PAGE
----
Jane Eyre opens with a scream – it’s one of the moments I think most after I leave the theatre. It is at once all the things I find difficult about the performance, and what seems essential to the spirit of the original novel which is itself a howl for women’s independence and self-determination.

Adapting any novel as concerned with a single protagonist’s inner experiences as Jane Eyre is an unenviable task. Director Sally Cookson has tackled this issue with aplomb: there is much to admire in her reimagining.

First staged as a two-part play at the Bristol Old Vic in 2014, the production spent a short spell at the National Theatre three years ago, toured the country, and is now back in London. It remains an inventive sensory experience that despite its strengths sometimes becomes too enmeshed in its complex theatrics – becoming a showcase of style over substance.

Eschewing 19th century aesthetics, Michael Vale’s set is a stripped down, bare bones two-level stage has been built around a three-man band. The simple stage acts as a background to bold lighting and choreography. The company clambers up and down iron ladders in a frenzy of movement accompanied by Benji Bower’s modern folk score. Some scenes are punctuated with song – Melanie Marshall’s mellifluous voice soars above the strings. The production would not be half as successful without Marshall who, it quickly emerges, is not merely narrating the story but is the voice of the ‘mad-woman’ Bertha Mason. Cookson’s treatment of Bertha is a triumph: not only is she allowed out the attic room in which she is incarcerated in the novel and given a voice, she is also given one of the most memorable scenes in the play. The sequence in which Marshall belts out a hauntingly gothic rendition of ‘Mad About the Boy’ was spine-tinglingly good.

Other dramatic flourishes threaten to overshadow the substance of the play in some parts however. In the transitions in which Jane travels from Gateshead to Lowood, the company congregates around Nadia Clifford to form a human coach, jogging on the spot to mimic its journey through the countryside. Novel at first, by the second time it seems indulgent. Similarly, Paul Mundell’s embodiment of the dog, Pilot, is played to great comedic effect, but his enthusiastic portrayal, complete with panting and wagging tail, detracts rather than adds to the weight of some of the crucial scenes between Jane and Rochester.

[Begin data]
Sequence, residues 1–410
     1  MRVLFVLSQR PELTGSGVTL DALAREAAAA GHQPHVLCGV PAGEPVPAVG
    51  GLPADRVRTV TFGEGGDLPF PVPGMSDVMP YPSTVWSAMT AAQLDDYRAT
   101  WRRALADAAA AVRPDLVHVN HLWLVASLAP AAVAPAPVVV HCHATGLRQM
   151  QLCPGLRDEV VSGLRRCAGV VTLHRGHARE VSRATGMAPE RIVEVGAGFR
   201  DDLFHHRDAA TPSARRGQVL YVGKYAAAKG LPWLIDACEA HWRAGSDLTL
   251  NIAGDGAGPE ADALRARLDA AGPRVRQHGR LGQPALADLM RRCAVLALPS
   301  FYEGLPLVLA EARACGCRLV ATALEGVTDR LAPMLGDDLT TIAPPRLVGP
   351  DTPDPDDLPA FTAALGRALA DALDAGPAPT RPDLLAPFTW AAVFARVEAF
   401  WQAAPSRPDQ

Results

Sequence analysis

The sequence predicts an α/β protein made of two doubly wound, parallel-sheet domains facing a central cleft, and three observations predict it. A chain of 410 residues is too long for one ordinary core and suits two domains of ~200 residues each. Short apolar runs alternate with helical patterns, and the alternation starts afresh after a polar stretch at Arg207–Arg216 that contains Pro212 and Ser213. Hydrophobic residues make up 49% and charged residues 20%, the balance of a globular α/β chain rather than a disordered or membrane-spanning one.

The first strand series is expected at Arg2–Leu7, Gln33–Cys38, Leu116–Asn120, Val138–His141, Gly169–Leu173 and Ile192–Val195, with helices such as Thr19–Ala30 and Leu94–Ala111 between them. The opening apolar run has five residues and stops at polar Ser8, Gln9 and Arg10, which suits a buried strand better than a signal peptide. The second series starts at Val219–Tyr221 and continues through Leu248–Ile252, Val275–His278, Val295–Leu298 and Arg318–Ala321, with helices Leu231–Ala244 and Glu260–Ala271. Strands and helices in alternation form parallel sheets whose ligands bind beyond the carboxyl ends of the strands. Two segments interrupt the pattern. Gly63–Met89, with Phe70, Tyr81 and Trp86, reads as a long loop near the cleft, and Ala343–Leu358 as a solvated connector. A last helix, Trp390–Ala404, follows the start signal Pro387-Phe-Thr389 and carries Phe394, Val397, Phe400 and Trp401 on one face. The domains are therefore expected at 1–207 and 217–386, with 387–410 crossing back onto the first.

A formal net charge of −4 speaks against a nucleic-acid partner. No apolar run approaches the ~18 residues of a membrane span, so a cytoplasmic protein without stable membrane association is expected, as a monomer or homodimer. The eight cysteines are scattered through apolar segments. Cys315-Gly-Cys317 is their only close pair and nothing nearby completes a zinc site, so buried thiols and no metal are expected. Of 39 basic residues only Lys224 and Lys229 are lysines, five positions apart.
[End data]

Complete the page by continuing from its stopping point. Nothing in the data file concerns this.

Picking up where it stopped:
Much like the novel, the play comes into its own at Thornfield. There, the chemistry between Nadia Clifford in the eponymous role, and Tim Delap, playing Rochester, is electric. Clifford in particular is superb, scrappy and rebellious as a child, self-assured with a hidden steeliness as a woman.

Despite excellent performances, timing remains an issue. The three hour run-time is at once exhausting and too short to do the novel justice. It’s at Lowood, the tyrannical boarding school Jane attends in her youth, that the play seems truncated. We have been scarcely introduced to Jane’s only friend and solace at the establishment, Helen, when she dies. We never really feel the impact her friendship and her subsequent death has on Jane. Similarly, towards the end of the play, Jane’s time with the Rivers feels rushed. The hour that was cut in order to accommodate the play as a single performance in its transition from Bristol may well have smoothed both the beginning and the end of the production.

Charlotte Brontë’s novel took the literary world by storm when it was first published in 1847, with its strong fiery heroine and its undercurrent of sexual charge, it was unlike any other novel of the time, especially not one written by a woman. Cookson’s adaptation attempts to bring that revolution to the stage – it’s a shame that it chooses to focus much of its time on thrilling the audience with dramatic staging as it’s when the actors are left alone to tell the story simply is when the production is at its most powerful.

4 Stars

Where? The National Theatre

When? Until 21st Oct

How Much? from £15